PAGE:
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MULTINATIONAL CORPORATIONS

MULTINATIONAL CORPORATIONS

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MULTINATIONAL CORPORATIONS

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  1. MULTINATIONAL CORPORATIONS

  2. Multinational Corporation (MNC), sometimes called transnational corporation or international corporation, is a business that produces or distributes products or services in one or more foreign countries by establishing a branch or affiliate there.

  3. A branch is a part of a company that is located in another country. • An affiliate is a company partially or entirely owned by another company. • MNCs engage in foreign direct investment (FDI)—that is, investment in one country by citizens of another country.

  4. Types of investment: • Acquiring an existing company. (Airtel - AT&T.- Cingular Wireless – Digicel). • Merging with another company (CIBC and Barclays = First Caribbean) • Creating new facilities or activities. These are referred to as greenfield investments.

  5. Large multinationals have budgets that exceed those of the country they are operating in. • MNCs can have a powerful influence in the local economy. • They can have a significant impact on government policy, mainly by threatening to close their operations

  6. Multinational corporations play an important role in globalization • MNCs develop new products in their native country and manufactures them abroad, often in Third World nations, where labour is cheap. • Almost all the largest multinational firms are American, Japanese, or West European

  7. Levi's Factory in South Africa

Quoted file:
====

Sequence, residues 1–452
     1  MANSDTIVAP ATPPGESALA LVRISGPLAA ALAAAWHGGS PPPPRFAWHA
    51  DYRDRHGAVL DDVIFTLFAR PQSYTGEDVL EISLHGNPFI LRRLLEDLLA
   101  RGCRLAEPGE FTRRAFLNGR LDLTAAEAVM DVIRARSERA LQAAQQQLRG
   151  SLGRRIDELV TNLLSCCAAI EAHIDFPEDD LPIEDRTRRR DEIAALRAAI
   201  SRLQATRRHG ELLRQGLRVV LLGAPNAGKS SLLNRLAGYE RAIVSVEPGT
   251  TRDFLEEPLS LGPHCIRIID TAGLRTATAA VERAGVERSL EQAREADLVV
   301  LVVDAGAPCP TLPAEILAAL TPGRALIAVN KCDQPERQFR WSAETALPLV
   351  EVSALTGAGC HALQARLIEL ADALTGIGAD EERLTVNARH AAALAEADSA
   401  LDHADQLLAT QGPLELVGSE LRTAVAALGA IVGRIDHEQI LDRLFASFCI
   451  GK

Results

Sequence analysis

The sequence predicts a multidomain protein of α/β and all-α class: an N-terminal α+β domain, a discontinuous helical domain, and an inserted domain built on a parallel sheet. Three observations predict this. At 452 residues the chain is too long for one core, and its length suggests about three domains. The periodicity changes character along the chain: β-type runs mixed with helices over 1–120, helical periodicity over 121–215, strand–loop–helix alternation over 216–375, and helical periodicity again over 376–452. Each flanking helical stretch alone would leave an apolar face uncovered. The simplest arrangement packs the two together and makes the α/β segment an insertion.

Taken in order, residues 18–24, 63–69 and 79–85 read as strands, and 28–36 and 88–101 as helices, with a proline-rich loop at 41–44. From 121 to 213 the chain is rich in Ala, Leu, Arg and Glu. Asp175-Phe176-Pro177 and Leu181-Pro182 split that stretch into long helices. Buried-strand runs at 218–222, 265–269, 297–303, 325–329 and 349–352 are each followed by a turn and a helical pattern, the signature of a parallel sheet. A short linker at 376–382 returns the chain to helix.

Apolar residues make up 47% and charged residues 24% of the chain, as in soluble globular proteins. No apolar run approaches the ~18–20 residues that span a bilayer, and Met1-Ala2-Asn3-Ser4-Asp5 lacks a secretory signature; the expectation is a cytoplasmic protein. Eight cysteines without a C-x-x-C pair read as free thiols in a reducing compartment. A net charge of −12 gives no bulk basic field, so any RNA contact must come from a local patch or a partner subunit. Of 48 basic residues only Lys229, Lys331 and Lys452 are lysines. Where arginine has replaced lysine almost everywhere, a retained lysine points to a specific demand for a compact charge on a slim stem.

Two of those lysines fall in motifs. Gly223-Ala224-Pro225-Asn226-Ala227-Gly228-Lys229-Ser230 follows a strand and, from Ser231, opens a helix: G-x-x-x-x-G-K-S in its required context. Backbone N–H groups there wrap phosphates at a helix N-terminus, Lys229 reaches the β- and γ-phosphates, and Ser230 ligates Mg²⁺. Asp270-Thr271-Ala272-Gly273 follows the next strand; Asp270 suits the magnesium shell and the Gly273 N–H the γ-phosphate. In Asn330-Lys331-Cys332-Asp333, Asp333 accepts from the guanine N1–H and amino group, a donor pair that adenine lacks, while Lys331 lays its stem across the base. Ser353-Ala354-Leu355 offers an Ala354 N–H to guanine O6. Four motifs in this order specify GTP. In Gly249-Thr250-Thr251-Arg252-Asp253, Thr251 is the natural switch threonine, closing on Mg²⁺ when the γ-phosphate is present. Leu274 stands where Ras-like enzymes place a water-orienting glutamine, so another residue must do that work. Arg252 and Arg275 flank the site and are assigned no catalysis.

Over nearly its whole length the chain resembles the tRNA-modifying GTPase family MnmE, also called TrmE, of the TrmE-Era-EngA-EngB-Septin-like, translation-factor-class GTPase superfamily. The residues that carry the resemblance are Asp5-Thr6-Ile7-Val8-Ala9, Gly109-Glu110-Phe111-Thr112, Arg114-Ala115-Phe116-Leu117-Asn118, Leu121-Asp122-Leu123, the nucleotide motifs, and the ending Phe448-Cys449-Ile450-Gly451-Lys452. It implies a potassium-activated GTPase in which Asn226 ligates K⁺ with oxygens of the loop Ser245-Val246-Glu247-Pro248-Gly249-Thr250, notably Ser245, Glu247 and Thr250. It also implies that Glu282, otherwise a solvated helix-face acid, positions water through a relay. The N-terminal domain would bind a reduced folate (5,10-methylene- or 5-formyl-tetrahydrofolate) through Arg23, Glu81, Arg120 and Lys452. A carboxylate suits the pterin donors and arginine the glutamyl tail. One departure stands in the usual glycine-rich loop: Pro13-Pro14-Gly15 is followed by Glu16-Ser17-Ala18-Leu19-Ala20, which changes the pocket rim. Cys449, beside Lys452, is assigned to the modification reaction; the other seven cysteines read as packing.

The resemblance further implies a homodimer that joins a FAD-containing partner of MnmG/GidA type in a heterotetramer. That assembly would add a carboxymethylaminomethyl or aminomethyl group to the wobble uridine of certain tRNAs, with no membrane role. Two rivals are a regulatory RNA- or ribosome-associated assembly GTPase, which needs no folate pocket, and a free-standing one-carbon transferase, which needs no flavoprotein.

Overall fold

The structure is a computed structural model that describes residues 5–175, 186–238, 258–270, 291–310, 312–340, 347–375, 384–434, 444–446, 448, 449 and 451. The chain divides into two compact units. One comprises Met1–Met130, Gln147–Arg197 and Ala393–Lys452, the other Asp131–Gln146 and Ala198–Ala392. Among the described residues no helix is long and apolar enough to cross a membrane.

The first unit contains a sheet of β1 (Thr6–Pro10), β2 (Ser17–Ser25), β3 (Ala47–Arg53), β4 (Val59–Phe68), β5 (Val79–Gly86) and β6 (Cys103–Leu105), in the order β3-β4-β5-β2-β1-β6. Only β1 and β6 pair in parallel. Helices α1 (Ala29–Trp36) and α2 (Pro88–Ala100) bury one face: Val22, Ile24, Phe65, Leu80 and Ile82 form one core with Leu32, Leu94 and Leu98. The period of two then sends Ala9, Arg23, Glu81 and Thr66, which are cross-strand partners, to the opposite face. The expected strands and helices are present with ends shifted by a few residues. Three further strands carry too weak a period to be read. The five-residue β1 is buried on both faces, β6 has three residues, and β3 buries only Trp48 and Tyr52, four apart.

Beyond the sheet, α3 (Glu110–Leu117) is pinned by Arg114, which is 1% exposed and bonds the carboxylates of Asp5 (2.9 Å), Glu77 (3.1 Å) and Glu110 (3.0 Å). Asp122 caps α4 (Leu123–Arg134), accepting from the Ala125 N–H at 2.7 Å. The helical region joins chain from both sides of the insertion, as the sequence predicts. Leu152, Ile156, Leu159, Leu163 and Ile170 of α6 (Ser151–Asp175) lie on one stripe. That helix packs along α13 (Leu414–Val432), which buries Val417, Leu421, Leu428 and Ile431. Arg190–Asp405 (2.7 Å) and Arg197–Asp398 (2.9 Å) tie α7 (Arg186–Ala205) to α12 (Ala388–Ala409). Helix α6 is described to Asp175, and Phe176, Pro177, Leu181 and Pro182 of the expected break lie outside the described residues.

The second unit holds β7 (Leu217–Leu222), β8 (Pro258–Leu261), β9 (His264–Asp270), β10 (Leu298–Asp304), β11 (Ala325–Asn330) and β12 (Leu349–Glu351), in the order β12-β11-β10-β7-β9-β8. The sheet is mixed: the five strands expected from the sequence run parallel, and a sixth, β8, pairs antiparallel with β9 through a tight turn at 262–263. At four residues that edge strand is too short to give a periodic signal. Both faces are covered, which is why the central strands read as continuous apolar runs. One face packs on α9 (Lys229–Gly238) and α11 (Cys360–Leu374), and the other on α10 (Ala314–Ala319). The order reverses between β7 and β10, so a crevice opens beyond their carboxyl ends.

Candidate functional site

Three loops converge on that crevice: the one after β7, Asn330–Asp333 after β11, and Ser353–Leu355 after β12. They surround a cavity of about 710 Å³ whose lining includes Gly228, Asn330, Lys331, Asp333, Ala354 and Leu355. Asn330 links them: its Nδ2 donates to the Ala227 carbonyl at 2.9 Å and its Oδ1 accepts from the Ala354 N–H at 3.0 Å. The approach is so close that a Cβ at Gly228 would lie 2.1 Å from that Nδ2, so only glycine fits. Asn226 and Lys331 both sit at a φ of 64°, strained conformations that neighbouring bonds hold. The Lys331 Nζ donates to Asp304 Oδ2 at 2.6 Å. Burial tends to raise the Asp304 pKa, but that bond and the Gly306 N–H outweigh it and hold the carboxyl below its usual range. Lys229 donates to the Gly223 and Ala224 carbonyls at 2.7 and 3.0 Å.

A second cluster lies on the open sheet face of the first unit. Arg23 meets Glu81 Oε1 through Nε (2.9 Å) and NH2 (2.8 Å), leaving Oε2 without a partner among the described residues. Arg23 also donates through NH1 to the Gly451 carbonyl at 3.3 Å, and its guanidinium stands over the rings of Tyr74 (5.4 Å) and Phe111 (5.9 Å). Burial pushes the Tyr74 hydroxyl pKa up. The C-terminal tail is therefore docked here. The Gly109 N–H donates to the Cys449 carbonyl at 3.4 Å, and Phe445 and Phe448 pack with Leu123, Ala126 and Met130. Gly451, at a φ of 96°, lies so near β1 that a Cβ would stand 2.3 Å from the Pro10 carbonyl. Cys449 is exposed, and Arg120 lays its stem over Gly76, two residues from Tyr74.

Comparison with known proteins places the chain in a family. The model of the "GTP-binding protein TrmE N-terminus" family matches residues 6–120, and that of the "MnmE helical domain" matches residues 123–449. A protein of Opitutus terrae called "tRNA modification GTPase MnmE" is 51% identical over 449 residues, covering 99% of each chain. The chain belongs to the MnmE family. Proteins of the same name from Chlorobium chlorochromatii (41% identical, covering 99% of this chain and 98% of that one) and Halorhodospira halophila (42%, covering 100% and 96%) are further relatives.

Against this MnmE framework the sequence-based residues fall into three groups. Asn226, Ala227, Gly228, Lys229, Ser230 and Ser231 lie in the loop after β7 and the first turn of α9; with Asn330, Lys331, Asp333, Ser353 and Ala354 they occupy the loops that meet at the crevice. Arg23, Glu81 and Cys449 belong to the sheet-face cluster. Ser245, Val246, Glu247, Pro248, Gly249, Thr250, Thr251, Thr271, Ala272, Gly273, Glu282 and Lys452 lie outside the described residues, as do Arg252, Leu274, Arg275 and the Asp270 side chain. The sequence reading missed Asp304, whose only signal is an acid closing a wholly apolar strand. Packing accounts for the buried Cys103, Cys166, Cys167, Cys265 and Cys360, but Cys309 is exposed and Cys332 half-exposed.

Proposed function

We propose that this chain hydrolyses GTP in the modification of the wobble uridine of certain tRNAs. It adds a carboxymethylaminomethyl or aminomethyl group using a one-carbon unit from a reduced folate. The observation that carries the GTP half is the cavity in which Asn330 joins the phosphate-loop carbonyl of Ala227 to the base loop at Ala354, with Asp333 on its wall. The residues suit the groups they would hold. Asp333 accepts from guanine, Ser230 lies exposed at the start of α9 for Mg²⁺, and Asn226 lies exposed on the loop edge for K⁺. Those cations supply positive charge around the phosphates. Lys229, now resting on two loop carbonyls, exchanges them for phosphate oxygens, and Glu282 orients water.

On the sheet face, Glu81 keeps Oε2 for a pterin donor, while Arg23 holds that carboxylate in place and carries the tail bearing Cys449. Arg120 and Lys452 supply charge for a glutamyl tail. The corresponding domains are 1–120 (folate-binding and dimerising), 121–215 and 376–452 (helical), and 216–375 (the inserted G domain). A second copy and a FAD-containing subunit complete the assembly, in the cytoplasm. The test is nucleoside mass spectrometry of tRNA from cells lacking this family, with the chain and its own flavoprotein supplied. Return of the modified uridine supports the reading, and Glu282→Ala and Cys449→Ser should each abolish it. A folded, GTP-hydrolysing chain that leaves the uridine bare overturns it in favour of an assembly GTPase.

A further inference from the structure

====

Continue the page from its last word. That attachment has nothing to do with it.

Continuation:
8. MNCs in the Caribbean • Cable and Wireless • Digicel • Price WaterhouseCoopers • Courts • Sunsail Club Colonna • Sandals • Hilton • Four Seasons • Royal Bank of Canada • First Caribbean Price • Scotia Bank • Stanford Development Company • Texaco • Shell • Alcan • Tate and Lyle

  9. MNCs have always featured in Caribbean econmies. • The Colonial office encouraged UK companies to invest in the colonies • After WW II, the region tried Industrialization by Invitation. Under this scheme companies were given incentives to set up industries in the Caribbean e.g. tax holidays, factory sheds, exemption from duties on imports etc.

  10. Advantages of MNCs • Employment– jobs will be created in construction, banking, manufacturing, or tourism sector • Foreign exchange – this will be generated from tourism, bauxite, petroleum. • Transfer of technology – workers can be trained while working in the MNC and then move to other firms with their skills. Also domestic producers can copy the technology and best working practices of the MNC.

  11. Taxes – MNCs pay taxes and thus contribute to significant revenue to government’s finances. • Development of infrastructure – some MNCs may develop the infrastructure of the area where they are located, or government may do so to accommodate or attract the MNC.

  12. Disadvantages of MNCs • Closure of local firms – MNCS can dominate the domestic market which can lead to the closure of domestic firms. They can produce and sell goods and services cheaper than the domestic producers thus lowering domestic profits and investments • Repatriation of profits – the bulk of profits may be sent back to their shareholders in the home country.

  13. Reduced gain for the host country – governments will give tax concessions, rent free sites, government contracts to MNCs as incentives. The more they give the less they gain. • Non-transfer of technology and skills – MNCs may guard the skills and technology they possess • Migration – migrants may move to a country to seek employment. This may put a strain on the social services of the host country.

  14. Environmental damage – MNCs may exploit a country’s natural resources without any attempt to preserve the environment. The increased use of herbicides and pesticides, the indiscriminate dumping of waste generated by hotels and cruise ships will lead to environmental degradation. • Political influence – MNCs often exert considerable power and influence over political leaders, the police and civil servants. They may sometimes meddle in local politics.

  15. Recommendations • A new development strategy underpinned by political will. • The pooling of efforts and resources among Caribbean nations • Regional integration

  16. Sources • The Caribbean in the Global PoliticalEconomy, edited by Hilbourne Watson • Storm Signals, Cathy McAfee • The Caribbean – Survival, struggle and Sovereignty, Catherine Sunshine • Consequences of Structural Adjustment: A Review of the Jamaican Experience, Editor, Elsie Le Franc.